gold333 wrote:But for all the catastrophic eventualities you mention, F1 cars ran a flat bottom from 1968 - 1995 and nothing catastrophic happened because of the flat bottom in those 27 years, apart from awesome sparks and cars that were vicious to drive!
Eh? Flat bottom in 1968? Why not 1936?
Also from 1978 till 1982 it was anything BUT a flat bottom. And prior to Tyrrel 019 the floor not much relied on actually getting more air UNDER the car, so there were less sensitivity all around.
Thanks for your reply! You are right. With flat bottom pre-1982 I meant more "lack of a stepped flat bottom". Prior to 1982 the entire underfloor of the car was a diffuser with the edges closed (skirts) touching the ground, creating a semi-vacuum. The closed sides had ride height measured in millimetres and skirted the ground. When ground effect was banned there was a reason engineers adopted a flat bottom instead of a stepped bottom.
Yes, the Tyrrel 019 notoriously had a high nose, to aid airflow to the sidepods but the bottom was still flat. To quote wiki:
"the generation of low pressures relies on increasing the speed of the air passing underneath the flat bottom of the car, in relation to that passing over and around it. In simple terms, the more air that can be drawn underneath a car, the faster that air will have to be moving, and the faster the air is moving, the lower the pressure."
In 1990 McLaren also tried it:
But for some reason preferred the low nose solution coupled to the flat bottom. High noses (apart from the Benetton team) never really caught on until the stepped bottoms of 1995. I'd really love to know why high noses coupled to flat bottoms never caught on if it was demonstrably more efficient.
gold333 wrote:We (people who have followed F1 for decades) know the stepped floor was a measure just like the grooved tires or the narrowing of the chassis.... All made to slow the cars down. It has no place in an out and out Formula One World Championship.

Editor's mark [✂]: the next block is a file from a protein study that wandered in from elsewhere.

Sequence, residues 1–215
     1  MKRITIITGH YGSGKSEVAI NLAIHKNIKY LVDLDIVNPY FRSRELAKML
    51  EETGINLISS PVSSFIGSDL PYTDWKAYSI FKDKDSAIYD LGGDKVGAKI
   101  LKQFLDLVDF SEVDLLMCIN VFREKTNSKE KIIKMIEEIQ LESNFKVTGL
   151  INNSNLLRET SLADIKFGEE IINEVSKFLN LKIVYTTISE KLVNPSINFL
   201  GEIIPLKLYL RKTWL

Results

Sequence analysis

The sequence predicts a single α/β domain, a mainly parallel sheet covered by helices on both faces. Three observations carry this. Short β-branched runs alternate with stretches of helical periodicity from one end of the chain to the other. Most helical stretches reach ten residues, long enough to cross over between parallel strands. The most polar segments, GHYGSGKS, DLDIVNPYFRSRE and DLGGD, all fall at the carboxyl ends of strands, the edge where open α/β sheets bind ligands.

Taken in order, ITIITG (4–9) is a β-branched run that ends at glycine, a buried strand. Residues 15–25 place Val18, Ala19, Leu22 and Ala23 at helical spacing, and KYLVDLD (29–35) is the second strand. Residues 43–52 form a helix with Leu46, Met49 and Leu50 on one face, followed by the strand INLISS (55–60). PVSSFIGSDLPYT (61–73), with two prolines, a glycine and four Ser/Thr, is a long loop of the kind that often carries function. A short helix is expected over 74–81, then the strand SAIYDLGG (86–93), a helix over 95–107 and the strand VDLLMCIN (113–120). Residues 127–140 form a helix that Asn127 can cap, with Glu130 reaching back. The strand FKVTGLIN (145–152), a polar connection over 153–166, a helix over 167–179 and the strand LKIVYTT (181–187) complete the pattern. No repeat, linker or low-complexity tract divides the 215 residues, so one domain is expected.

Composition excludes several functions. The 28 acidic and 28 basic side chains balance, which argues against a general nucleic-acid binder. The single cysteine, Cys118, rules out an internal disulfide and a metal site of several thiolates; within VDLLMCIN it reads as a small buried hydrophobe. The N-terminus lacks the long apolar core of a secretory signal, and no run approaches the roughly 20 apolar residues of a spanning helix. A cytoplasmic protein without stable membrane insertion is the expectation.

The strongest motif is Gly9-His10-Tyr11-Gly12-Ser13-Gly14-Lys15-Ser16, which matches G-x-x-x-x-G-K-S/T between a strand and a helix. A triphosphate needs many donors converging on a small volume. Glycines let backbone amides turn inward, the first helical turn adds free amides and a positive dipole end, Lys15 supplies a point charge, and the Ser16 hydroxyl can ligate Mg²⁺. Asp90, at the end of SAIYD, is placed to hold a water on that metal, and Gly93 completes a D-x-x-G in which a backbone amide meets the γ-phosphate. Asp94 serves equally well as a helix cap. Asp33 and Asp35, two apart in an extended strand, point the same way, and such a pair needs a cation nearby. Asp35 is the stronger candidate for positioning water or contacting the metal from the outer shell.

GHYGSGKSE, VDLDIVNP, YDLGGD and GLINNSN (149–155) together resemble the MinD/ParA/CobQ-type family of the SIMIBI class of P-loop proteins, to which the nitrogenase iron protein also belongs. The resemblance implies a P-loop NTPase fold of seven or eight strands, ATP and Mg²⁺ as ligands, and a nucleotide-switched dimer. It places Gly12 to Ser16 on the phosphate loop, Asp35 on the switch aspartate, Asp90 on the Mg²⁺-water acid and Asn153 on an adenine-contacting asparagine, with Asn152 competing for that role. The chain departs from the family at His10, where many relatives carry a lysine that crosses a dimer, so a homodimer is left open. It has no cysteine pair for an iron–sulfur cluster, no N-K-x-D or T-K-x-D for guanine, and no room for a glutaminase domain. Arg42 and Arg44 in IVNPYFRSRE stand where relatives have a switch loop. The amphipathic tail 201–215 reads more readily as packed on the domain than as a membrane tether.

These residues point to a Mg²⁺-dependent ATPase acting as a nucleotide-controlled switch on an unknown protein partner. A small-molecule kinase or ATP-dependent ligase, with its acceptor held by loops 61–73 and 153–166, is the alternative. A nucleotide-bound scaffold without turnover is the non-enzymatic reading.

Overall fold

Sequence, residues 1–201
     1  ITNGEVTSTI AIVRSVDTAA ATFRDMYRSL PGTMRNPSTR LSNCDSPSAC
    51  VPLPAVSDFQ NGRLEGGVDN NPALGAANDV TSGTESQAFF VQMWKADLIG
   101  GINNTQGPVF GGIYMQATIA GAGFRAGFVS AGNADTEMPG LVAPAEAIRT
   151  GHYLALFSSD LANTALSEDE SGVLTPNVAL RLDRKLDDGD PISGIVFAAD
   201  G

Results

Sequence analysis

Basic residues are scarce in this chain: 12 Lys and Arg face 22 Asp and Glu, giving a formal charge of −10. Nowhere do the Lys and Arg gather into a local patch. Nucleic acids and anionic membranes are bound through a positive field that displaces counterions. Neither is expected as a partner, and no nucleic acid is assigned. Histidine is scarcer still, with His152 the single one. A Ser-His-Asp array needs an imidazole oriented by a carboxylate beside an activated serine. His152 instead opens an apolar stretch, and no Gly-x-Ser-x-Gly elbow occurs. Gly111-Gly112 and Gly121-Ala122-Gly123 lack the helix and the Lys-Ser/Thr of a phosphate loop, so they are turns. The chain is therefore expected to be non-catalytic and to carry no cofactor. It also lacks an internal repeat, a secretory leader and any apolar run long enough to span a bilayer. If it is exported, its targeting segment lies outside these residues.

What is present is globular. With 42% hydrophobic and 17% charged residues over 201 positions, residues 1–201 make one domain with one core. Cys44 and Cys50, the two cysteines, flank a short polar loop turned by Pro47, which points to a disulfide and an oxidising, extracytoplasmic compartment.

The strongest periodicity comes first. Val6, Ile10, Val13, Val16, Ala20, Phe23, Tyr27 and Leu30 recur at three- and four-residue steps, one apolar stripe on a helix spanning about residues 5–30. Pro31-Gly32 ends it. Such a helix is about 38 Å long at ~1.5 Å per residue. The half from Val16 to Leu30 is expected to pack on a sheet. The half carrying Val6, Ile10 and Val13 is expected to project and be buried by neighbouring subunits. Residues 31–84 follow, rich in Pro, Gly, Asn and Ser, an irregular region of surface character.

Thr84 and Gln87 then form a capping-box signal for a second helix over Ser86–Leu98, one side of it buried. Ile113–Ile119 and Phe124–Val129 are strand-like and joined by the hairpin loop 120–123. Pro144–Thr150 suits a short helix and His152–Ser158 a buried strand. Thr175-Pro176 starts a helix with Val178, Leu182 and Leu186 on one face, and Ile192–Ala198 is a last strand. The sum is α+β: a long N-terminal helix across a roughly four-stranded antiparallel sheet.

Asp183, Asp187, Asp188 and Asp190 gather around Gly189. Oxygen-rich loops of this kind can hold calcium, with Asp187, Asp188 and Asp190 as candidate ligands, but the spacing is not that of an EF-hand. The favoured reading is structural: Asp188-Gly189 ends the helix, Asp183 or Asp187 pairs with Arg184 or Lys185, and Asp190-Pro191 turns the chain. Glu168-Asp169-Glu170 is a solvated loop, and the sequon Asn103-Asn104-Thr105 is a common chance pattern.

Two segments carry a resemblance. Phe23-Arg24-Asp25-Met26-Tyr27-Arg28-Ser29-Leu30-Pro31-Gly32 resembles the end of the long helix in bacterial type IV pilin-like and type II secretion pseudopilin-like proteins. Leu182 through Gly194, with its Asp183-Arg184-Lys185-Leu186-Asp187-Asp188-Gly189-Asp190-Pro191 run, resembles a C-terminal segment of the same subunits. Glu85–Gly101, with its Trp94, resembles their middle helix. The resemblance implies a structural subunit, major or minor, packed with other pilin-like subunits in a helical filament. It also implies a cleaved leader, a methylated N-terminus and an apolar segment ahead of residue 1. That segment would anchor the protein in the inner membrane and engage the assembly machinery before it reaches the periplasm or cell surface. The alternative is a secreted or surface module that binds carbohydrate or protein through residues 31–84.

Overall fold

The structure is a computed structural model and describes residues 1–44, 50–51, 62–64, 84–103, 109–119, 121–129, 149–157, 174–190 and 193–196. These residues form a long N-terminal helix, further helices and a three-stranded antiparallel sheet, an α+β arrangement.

We? I am following F1 for "decades" too.
And Craig Scarborough as well. Here's what he had to say:
The stepped underfloor was a reaction to the accidents of 1994, when the floor could be flat and was purposely run as close to the track as possible to gain ground effect, leading to issues with stalling if the gap between road and floor closed up too much.
And I can say that rules which are intended to limit pace were part of the sport from its beginning.
I think with "stalling" Craig is referring to the National Geographic documentary on Senna's crash which purports that Senna crashed due to the rear flat bottom touching the ground due to low ride height due to reduced tyre pressures due to the safety car. I don't share this view and share the view of Adrian Newey (left rear puncture) as Senna's rideheight was good enough to take Tamburello at racing speed on lap 6 (when the pressures would have even been lower).
I can't think of any other crashes between 1982-1994 due to diffuser stall as Craig mentions. I'd (really!) love to hear an example and be corrected though.
I remember a lot of drivers in 1995 saying the new stepped bottom was causing a lot of pitch sensitivity though. Also, Prost notorious for removing his seat and sitting on the tub of the car in the early 80's to get a better feel for the handling, as the bottom was touching the track so often.
I semi-agree that the sport had rules to limit speed since the beginning but the Weickershof protocol adopted (mainly post Senna's crash) had profound "castrating" effects on the cars. the effects of which are only starting to wear off 20-25 years later:
-1.8m narrow cars (from 2.2m)
-grooved tires (from slicks)
-15inch narrow tires (from 18inch)
-stepped bottom (from flat)
And all those changes in just 3 years (1995-1998).
I've always wanted to take a peek into that parallel universe where Senna had not died. Just to see the cars we would have today, had the Weickershof not been implemented. I think 2017 and beyond may begin to offer a glimpse.
F1 car width now 2.0m (same as 1993-1997). Lets go crazy and bring the 2.2m cars back (<1992).